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It’s not for me to say if the review of sexual harassment and discrimination claims released yesterday (Tuesday) will satisfy those who work for the Fairfax County Fire & Rescue Department. The firefighters and civilian employees of the department will decide themselves if this provides what’s needed to put this issue mostly behind the department as county leadership searches for a new fire chief. But as a taxpayer in the county, I find the report disappointing
After two years of very public complaints, the report gives me little confidence sexual harassment and discrimination aren’t a problem in the department. The big issue is the report lacks credibility. That’s because it was done internally and not by an outside, independent investigator.
There was a glimmer of hope for some independence when the report was assigned to County Executive Bryan Hill. Hill was hired from outside the county just 73 days ago. To me, the fact that Bryan Hill doesn’t carry the baggage of recent years was a positive development. The problem is Mr. Hill then assigned the review and report to Deputy County Executive Dave Rohrer.
I’ve known Dave Rohrer for years, covering him when he was police chief and interacting with him over his last six years supervising public safety agencies in Fairfax County. The problem is not Dave Rohrer’s personal credibility (though he’s had his critics through the years, including – at times – me), it’s the optics.
Rohrer is part of the chain of command that deals with these very issues. Fire Chief Richard Bowers, who announced his retirement in the middle of the latest round of bad publicity, reports directly to Rohrer. Rohrer is as responsible for whatever Chief Bowers has or hasn’t done as anyone. He’s been Bowers boss the entire time Bowers has been chief in Fairfax County. This setup is about as far from an independent look at the problems as you can get.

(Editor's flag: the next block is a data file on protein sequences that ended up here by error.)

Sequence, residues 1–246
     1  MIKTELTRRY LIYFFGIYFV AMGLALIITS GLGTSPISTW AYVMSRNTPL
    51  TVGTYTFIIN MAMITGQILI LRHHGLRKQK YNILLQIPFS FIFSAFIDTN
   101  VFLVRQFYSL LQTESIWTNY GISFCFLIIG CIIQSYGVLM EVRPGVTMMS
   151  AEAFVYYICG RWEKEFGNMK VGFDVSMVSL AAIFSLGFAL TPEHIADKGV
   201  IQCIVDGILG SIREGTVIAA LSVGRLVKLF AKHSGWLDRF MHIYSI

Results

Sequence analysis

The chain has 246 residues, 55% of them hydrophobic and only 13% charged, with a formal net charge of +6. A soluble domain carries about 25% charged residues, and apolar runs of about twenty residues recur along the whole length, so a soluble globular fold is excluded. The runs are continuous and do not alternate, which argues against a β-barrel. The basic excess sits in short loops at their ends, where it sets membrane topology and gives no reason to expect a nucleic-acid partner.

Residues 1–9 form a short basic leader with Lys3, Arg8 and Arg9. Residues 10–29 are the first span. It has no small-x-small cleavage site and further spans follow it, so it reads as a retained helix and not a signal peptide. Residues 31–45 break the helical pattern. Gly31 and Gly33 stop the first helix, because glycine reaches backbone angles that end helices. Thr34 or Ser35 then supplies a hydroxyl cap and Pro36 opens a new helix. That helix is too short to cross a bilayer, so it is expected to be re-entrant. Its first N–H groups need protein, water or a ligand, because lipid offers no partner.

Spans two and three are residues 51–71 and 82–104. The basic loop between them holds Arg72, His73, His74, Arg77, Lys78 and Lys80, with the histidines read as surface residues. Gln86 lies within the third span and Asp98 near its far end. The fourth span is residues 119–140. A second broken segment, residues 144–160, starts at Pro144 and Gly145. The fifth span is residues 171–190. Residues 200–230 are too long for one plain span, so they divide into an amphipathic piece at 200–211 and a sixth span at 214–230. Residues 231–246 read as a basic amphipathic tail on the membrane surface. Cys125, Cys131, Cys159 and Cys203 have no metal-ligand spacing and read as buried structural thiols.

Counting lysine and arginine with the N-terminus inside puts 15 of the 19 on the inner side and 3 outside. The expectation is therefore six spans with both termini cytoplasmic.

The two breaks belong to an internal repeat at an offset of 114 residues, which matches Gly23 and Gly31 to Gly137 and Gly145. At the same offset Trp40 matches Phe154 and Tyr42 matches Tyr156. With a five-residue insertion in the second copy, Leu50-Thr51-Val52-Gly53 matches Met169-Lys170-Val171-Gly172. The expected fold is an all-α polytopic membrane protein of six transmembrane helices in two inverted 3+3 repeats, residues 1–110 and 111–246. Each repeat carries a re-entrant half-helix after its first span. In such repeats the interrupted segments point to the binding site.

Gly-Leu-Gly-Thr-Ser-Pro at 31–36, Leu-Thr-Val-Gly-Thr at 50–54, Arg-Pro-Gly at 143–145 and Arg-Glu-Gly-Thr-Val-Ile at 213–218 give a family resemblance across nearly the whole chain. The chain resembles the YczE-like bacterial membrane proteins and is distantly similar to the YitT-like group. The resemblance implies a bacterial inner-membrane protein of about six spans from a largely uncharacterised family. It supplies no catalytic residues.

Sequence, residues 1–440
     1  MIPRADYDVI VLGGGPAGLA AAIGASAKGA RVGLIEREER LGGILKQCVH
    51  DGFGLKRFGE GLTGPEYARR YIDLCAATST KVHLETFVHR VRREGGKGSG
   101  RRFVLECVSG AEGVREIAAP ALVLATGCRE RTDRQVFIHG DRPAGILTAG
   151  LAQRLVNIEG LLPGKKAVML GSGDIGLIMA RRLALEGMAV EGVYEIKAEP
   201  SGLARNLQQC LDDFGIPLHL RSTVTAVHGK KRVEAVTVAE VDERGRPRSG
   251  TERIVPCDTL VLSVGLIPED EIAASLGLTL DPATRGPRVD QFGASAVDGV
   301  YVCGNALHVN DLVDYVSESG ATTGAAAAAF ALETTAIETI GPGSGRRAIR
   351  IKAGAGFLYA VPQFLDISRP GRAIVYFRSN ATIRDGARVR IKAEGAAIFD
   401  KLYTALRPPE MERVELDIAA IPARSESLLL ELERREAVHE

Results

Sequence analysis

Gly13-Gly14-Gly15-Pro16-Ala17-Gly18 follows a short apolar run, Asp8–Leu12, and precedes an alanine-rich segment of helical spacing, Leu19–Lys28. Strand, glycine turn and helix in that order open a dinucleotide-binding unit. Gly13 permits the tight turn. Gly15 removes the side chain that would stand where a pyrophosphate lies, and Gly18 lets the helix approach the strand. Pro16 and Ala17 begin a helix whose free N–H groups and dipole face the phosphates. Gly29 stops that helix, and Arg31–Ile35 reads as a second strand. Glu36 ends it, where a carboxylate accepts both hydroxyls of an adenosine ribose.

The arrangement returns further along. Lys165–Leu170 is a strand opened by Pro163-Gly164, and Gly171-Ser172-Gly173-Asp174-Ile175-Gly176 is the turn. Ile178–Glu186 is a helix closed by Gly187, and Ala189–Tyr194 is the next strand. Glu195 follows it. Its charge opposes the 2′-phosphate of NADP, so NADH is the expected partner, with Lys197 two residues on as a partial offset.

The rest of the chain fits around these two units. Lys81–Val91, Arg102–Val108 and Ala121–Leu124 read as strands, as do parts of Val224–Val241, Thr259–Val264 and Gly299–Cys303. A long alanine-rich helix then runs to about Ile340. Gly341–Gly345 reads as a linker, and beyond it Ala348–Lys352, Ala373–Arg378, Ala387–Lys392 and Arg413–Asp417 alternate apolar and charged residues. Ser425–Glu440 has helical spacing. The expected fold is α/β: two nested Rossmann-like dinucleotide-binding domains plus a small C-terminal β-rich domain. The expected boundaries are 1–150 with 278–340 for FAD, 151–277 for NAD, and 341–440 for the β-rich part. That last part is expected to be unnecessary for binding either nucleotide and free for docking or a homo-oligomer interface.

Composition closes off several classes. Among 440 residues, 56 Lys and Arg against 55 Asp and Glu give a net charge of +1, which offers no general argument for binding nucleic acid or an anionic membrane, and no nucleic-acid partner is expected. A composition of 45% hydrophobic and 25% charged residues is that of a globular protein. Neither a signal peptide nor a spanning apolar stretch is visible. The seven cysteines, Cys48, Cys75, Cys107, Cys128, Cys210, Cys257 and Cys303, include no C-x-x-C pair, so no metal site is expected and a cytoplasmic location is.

Dave Rohrer’s report focused solely on the recent accusations by Battalion Chief Kathleen Stanley and did not provide a comprehensive review of all the complaints in recent years. Rohrer found merit to three of Stanley’s charges and said the rest were unsubstantiated. While admitting there are some leadership concerns, the report denies there’s widespread sexual harassment and discrimination.
Bryan Hill, in the press conference yesterday (see the video above), said the department has struggled mostly struggled because of leadership and communications issues. Hill also provided some tough talk about dealing with complaints moving forward.
Bryan Hill’s attitude and pledge to change the culture are impressive. What still baffles me is that Hill and the rest of the leadership in Fairfax County can’t see the message they’ve sent in the choices they’ve made to get past this problem. From April of 2016 — when Firefighter Nicole Mittendorff committed suicide — until February 22 of this year, the Fairfax County Board of Supervisors and Chairman Sharon Bulova supported Chief Bowers and his handling of these issues. They basically allowed the man in charge — whose leadership on sexual harassment and discrimination issues was the subject of complaints and at least one lawsuit — to police and investigate himself. When they finally realized this was failing to win the day, they put the investigation into the hands of his boss, another man who is part of the same power structure.
Yesterday, County Executive Hill said, “Our goal is to be as open and transparent as possible. Period.” If Bryan Hill really wants to reach that goal, he should have everything reviewed by someone who is truly independent — someone who is not part of the Fairfax County government.
The review should include the six lawsuits Hill revealed have been filed over the last 10 years. According to Hill, one of those suits is pending, one was settled and four were dismissed. The county executive admits he didn’t know if there’s some commonality among the lawsuits. That seems to be something a thorough review should evaluate.
I have no problem accepting a finding there’s no widespread harassment and discrimination problem in the Fairfax County Fire & Rescue Department. In fact, I would be relieved and extremely happy to know that’s the case. But Sharon Bulova and the Board of Supervisors aren’t going to convince me and many others that’s the truth if they keep allowing the men in charge to conduct their own investigations.